Despite the great potential of palaeo-environmental information to strengthen natural resource policy, science and practical outcomes naturally occurring archives of palaeo-environmental and ecosystem service information have not been fully recognised or utilised to inform the development of environmental policy. In this paper, we describe how Australian palaeo-environmental science is improving environmental understanding through local studies and regional syntheses that inform us about past conditions, extreme conditions and altered ecosystem states. Australian innovations in ecosystem services research and palaeo-environmental science contribute in five important contexts: discussions about environmental understanding and management objectives, improving access to information, improved knowledge about the dynamics of ecosystem services, increasing understanding of environmental processes and resource availability, and engaging interdisciplinary approaches to manage ecosystem services. Knowledge of the past is an important starting point for setting present and future resource management objectives, anticipating consequences of trade-offs, sharing risk and evaluating and monitoring the ongoing availability of ecosystem services. Palaeo-environmental information helps reframe discussions about desirable futures and collaborative efforts between scientists, planners, managers and communities. However, further steps are needed to translate the ecosystem services concept into ecosystem services policy and tangible management objectives and actions that are useful, feasible and encompass the range of benefits to people from ecosystems. We argue that increased incorporation of palaeo-environmental information into policy and decision-making is needed for evidence-based adaptive management to enhance sustainability of ecosystem functions and reduce long-term risks.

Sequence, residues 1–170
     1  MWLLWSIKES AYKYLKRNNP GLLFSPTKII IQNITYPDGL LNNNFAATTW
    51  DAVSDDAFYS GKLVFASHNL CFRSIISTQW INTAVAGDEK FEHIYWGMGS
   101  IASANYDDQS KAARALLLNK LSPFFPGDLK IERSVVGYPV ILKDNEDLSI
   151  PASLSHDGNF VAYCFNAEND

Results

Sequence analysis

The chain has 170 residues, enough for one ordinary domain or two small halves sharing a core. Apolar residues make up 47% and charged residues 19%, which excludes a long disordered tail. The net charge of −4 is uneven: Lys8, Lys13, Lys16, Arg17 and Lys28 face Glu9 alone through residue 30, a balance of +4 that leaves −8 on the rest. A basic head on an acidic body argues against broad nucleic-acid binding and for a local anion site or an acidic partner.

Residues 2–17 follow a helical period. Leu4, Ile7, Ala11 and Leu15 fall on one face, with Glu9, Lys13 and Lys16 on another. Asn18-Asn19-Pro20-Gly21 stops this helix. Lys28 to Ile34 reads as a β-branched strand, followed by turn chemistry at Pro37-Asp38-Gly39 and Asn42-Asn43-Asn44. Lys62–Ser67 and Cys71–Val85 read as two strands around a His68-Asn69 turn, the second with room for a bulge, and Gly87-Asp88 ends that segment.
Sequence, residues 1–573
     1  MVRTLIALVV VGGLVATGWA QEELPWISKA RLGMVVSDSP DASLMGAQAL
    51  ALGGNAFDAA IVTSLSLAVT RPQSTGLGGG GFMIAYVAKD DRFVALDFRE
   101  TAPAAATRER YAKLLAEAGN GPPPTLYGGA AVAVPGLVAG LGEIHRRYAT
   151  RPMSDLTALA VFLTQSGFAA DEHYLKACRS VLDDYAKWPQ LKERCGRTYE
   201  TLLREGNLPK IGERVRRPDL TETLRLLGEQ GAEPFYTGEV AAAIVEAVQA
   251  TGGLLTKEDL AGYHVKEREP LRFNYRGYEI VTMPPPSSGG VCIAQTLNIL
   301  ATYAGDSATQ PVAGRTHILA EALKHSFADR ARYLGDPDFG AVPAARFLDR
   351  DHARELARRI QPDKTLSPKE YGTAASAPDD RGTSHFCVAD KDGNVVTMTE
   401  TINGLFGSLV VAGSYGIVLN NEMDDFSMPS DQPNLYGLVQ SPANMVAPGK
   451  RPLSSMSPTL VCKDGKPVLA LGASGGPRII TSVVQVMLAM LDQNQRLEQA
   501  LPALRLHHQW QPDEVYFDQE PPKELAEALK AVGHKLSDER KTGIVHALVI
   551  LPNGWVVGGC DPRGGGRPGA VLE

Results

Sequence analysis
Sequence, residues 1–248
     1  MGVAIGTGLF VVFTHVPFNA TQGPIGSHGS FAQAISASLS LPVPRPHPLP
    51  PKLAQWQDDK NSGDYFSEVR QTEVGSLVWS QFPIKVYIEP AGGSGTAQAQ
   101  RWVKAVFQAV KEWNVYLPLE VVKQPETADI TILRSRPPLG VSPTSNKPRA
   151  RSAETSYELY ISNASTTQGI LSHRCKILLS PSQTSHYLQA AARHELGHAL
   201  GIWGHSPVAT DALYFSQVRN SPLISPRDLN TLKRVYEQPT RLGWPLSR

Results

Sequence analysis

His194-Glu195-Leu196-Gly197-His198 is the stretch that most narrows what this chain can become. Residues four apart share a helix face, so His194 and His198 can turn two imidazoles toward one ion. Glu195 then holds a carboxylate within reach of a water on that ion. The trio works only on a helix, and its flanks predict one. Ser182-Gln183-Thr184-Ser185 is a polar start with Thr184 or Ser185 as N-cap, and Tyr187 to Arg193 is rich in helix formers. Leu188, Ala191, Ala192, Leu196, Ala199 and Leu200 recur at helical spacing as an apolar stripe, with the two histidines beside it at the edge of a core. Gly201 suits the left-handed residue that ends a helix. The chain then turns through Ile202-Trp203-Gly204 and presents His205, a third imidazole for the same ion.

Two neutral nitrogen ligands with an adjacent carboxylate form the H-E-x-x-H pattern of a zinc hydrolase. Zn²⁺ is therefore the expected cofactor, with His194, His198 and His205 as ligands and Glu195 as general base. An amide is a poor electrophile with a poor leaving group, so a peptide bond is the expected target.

Wetland managers are faced with an array of challenges when restoring ecosystems at risk from changing climate and human impacts, especially as many of these processes have been operating over decadal-millennial timescales. Variations in the level and salinity of the large crater lakes of western Victoria, as revealed over millennia by the physical, chemical and biological evidence archived in sediments, attest to extended periods of positive rainfall balance and others of rainfall deficit. The recent declines in the depth of these lakes have been attributed to a 15% decline in effective rainfall since AD 1859. Whilst some sites reveal state shifts following past droughts, the response of most wetlands to millennial-scale climatic variations is muted. Regional wetland condition has changed comprehensively, however, since European settlement, on account of extensive catchment modifications. These modifications appear to have reduced the resilience of wetlands limiting their capacity to recover from the recent 'big dry'. These sedimentary archives reveal most modern wetlands to be outside their historical range of variability. This approach provides a longer-term context when assessing wetland condition and better establishes the restoration challenge posed by the impact of climate change and variability and human impacts.